John Henry and Jim Sinclair arrive in West Africa to help Commander Hayes start his experiment to domisticate wild game, but a rancher stands in their way. A little boy named Samson may give Jim more reason to stay.



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Episode cast overview:
Tom Nardini ...
Ronald Howard ...
Gerald Edwards ...
Bibi Graf
Frank Marth ...
Kurt W. Neumann
Jon Shank ...
Neumann's Foreman
Gilbert Simpson ...


John Henry and Jim Sinclair arrive in West Africa to help Commander Hayes start his experiment to domesticate wild game, but a rancher stands in their way. There is another complication Jim meets along the way that may give him a reason to stay in Africa...a little African boy named Samson! Written by Michelle

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Release Date:

11 September 1967 (USA)  »

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Aspect Ratio:

1.33 : 1
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Did You Know?


Jim and John Henry had their horses shipped over from the United States. See more »


Jim Sinclair: I need another rope!
John Henry: Well, you're not gonna get mine because I'm gonna hang myself!
See more »

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User Reviews

Good start to an underrated series
25 November 2012 | by (United States) – See all my reviews

Though there was apparently a movie that started this series, this showed how John Henry and World Champion cowboy, Jim Sinclair came to be part of the African West. In this first episode, they arrive and learn that their boss wants them to rope wild African animals to domesticate them. The African people are dying and starving and need a new way of life. What better way than farming?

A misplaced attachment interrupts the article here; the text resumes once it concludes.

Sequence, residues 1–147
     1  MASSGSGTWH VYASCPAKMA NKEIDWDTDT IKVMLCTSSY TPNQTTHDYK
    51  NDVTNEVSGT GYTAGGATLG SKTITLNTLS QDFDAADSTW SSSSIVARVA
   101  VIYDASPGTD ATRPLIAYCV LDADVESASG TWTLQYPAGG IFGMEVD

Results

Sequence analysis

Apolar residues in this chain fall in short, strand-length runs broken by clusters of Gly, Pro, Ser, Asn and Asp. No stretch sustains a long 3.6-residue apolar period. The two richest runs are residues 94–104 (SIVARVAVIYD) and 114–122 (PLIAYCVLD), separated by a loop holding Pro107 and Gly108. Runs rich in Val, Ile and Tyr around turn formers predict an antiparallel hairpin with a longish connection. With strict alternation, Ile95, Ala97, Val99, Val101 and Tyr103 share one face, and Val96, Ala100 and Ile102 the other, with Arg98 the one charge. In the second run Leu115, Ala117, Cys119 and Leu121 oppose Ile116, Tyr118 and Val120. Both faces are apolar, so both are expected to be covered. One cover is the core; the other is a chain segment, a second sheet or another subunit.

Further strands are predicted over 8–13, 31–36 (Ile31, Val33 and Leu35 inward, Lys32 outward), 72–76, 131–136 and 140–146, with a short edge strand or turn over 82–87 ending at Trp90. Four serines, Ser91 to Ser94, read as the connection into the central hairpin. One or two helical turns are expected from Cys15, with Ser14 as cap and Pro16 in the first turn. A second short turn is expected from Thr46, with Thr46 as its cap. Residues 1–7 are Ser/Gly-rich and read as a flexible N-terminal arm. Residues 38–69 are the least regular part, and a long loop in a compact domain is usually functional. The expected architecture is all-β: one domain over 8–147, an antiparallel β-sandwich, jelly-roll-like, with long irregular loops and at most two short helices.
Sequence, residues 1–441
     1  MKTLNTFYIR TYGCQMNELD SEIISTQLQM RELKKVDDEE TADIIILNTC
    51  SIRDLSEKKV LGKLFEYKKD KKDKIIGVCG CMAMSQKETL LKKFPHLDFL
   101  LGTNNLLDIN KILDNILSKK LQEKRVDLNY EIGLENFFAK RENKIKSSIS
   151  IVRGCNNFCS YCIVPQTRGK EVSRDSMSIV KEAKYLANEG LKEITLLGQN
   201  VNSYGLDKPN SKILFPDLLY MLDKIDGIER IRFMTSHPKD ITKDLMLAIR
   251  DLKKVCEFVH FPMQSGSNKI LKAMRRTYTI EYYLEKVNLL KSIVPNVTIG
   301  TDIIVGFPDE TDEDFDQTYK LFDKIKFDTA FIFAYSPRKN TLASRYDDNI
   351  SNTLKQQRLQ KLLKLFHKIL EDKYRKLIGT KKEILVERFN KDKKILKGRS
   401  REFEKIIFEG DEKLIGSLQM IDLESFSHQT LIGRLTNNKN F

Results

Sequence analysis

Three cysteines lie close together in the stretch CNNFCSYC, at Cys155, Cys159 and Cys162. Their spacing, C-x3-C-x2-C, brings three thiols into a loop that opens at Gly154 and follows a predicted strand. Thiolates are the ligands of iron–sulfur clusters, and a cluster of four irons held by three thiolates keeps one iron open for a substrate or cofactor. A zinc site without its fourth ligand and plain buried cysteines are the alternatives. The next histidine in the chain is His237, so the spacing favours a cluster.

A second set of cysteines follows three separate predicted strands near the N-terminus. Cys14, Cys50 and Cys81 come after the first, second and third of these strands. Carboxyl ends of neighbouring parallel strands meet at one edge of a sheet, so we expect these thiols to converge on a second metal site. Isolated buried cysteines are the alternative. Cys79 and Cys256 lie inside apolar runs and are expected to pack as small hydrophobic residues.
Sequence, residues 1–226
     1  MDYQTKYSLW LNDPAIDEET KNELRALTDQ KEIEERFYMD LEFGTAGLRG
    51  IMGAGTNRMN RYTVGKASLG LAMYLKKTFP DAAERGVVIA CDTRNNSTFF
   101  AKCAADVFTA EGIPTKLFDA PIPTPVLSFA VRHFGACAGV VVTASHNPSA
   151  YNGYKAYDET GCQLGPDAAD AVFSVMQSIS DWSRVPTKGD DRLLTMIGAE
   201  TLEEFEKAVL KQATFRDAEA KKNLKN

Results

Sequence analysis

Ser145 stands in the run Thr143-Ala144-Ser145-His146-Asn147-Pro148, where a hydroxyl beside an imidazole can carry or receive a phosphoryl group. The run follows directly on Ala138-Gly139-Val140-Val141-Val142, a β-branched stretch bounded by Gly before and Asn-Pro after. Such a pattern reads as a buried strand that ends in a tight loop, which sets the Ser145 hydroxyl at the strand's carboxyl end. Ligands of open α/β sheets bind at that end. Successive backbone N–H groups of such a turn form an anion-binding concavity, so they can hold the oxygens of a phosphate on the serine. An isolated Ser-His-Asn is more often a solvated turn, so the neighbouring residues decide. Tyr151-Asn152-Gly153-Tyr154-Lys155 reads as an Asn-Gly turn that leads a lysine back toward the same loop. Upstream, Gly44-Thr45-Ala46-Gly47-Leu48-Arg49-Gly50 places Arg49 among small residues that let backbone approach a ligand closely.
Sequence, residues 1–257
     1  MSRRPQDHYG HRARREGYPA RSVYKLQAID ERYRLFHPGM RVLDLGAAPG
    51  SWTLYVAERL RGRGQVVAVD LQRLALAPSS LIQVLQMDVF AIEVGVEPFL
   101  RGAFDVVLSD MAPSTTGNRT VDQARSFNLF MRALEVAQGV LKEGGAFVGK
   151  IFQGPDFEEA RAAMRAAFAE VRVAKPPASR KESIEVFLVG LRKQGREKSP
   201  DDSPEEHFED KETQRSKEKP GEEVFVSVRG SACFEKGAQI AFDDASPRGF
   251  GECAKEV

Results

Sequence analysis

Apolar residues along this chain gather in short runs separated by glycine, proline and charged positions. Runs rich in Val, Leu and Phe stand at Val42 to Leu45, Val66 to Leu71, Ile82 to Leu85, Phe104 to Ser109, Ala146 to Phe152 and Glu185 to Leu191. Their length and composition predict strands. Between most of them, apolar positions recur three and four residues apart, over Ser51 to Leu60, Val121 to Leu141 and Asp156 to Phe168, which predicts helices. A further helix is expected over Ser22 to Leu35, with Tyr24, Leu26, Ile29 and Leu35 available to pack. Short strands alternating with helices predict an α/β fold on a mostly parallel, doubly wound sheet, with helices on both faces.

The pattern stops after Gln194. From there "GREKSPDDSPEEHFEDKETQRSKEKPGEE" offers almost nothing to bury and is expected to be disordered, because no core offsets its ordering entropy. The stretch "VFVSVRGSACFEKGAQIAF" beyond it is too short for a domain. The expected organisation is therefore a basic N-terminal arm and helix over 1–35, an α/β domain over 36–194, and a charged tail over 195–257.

We meet John Henry, a half-breed Indian who is full of sarcasm, but he's a pretty nice guy. We also meet Jim's future adopted son (though we never see this, we can assume it actually happened), Samson. Samson is a mischievous and curious ten year old African boy who's lost both of his parents.

Chuck Connors, who played Lucas McCain on The Rifleman, shows some of his rifle sportsmanship in this episode. He also shows his ability to kiss very well - or so it looks to me...

This was the first episode I watched a few year ago, and when I saw it I just knew I would really like this show. It mixes just enough old western, present day, and African culture in it to make it unique and stay interesting.

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